Finding your poetic voice

As a poet, a question I’m often asked is “when did you discover you could write poetry?”

When I was at school, all I could write was pretty hopeless humorous rhyme so maybe the discovery was all those years ago. I remember thinking I had a talent for rhyme – but when I look back, the journey to finding my unique voice had in fact only just begun. I had decades of writing, reading, workshopping and learning ahead of me.

The truth is, a unique poetic voice can only develop over time. Very few poets are genious standard from day one. Like babies learning to crawl before they can walk, poets need to work at developing some poetic muscle. Little kids don’t worry about whether they will walk – they just eventually do it. But between crawling and walking, there’s been a lot of physical effort and repeated attempts.

Developing poetic muscle is like body building…lots of exercise and discipline. Reading is mandatory, as is experimentation. Regardless of whether your thing is Haiku, Traditional rhyming Bush poetry, Sonnets or Free verse, try new forms and ways of writing. It’s important too to be patient and receptive to critique. Above all, be absolutely fearless. Don’t worry about whether or not you’re good enough…just dive in and write.

Whatever we write, all we have are our words to communicate what we want to say, what we want to share. The printed poetic voice doesn’t involve body language, intonation or even eye contact. A printed poetic voice is text on paper and a strong poetic voice is text that’s carefully edited; it’s concise, sensory, poignant, powerful, humorous or emotional. It connects with the reader; it speaks the language of the reader, especially if you’ve written in language the reader understands.

Readers need to feel our words and poetry gives us the opportunity to paint vivid pictures, soft images, make use of metaphors, alliteration, rhyme and assonance…which all help to contribute to the music of a poem. Poetry needs to sing, it needs to take us to another place, to stir the reader to respond and sing along with us.

Immerse yourself in poetry. Take time to read the poetry greats. Commit to reading a poem a day or subscribe to poetry sites to receive a poem every day in your in box…wake up to a poem. Like all writing, poetry is for sharing – everything from experience and knowledge to sentiment, truth and honesty.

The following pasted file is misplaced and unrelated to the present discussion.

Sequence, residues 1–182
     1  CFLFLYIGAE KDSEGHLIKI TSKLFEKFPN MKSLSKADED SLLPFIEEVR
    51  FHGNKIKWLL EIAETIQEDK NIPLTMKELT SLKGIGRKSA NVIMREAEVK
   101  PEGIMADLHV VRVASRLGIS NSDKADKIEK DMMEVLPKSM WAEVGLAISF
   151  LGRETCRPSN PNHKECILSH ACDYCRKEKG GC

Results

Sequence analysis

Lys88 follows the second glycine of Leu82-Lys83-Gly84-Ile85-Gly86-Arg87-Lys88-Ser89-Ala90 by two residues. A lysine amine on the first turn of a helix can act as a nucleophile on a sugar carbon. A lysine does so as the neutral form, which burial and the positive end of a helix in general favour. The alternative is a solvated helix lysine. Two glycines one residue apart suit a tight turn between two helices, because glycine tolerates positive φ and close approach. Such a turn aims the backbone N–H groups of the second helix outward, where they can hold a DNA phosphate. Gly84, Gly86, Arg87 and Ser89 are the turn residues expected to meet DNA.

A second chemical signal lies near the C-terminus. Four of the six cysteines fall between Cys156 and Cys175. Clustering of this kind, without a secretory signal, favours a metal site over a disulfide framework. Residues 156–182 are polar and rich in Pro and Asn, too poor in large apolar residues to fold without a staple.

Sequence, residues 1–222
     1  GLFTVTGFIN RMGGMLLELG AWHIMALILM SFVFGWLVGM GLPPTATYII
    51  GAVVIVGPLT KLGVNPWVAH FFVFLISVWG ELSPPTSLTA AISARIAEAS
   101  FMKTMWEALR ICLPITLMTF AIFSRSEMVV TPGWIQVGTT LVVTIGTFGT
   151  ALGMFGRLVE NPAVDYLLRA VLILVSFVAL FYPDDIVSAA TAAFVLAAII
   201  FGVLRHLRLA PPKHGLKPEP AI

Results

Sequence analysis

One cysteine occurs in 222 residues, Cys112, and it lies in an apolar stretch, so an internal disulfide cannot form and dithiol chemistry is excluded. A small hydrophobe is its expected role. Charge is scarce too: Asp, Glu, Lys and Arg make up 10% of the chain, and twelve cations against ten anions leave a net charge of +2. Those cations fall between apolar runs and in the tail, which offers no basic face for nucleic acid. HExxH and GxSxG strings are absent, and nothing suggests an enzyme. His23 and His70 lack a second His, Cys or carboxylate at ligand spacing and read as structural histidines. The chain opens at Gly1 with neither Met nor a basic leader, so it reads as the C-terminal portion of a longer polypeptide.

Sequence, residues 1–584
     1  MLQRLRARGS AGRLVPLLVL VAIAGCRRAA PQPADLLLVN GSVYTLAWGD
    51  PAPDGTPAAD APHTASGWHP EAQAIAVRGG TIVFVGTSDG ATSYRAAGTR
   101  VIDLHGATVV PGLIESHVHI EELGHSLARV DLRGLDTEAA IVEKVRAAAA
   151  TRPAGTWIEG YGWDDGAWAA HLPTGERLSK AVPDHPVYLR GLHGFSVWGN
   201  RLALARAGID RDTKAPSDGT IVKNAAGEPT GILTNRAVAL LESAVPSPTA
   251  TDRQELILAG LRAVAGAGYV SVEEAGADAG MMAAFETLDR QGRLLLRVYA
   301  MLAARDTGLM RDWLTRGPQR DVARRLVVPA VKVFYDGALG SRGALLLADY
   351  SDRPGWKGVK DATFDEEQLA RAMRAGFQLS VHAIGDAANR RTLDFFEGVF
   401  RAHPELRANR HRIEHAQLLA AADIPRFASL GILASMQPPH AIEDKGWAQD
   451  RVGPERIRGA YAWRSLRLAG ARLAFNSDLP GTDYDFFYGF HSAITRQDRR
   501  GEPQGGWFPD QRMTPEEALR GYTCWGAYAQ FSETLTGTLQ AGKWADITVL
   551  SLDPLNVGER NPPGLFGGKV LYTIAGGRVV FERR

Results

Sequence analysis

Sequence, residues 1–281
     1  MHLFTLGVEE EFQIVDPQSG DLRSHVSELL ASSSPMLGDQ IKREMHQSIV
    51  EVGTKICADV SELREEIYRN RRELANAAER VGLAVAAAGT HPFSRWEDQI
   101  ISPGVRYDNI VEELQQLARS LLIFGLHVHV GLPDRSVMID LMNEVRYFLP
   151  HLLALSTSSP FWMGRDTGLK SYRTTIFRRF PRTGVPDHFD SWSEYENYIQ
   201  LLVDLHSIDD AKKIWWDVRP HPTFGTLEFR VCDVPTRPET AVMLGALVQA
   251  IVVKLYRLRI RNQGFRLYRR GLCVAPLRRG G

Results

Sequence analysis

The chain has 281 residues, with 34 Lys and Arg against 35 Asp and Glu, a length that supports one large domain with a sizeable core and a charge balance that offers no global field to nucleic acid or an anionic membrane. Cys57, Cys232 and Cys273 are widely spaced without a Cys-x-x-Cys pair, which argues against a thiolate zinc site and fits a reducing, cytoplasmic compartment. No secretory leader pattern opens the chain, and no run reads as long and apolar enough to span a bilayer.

Good poetry is concise. There are no wasted words. Too many words can hide the message and disguise your unique voice. A strong poetic voice requires clarity of thought. When you’ve completed your poem, ask yourself : “is this what I really wanted to say or have I somehow gone off track.” Read through again, and check for spelling glitches or that grammar and tense are consistent. No matter how good your poem, if grammar or spelling are dodgy, you’ve lost the reader. How have you used syntax – the order in which words and phrases are arranged? What about punctuation – too much or too little or none at all? In other words, will your intended audience pause or reflect where you’d like them to? Are they going to get the subtle nuances in what you’ve written?

Some poets like to write in isolation. Others prefer writing groups. I love the process of critique and editing and have found workshopping with trusted colleagues has taught me more than any internet article or course in writing has ever done. Within a supportive group, my poetry is read by people new to the work. They’re my readership and if they don’t get it, they say so. Constructive critique is gold and suggested improvements by fellow poets can be extremely encouraging.

Your poetic voice is distinct because it’s yours and yours alone. Your voice has much to say in your own unique way. If you haven’t already started, get serious about developing some poetic muscle. Put your stamp on your poetry so that people can say “oh I know who wrote that poem!…I love their stuff…it just resonates with me.” The day you hear that comment, is the day you know your poetic voice has been recognised.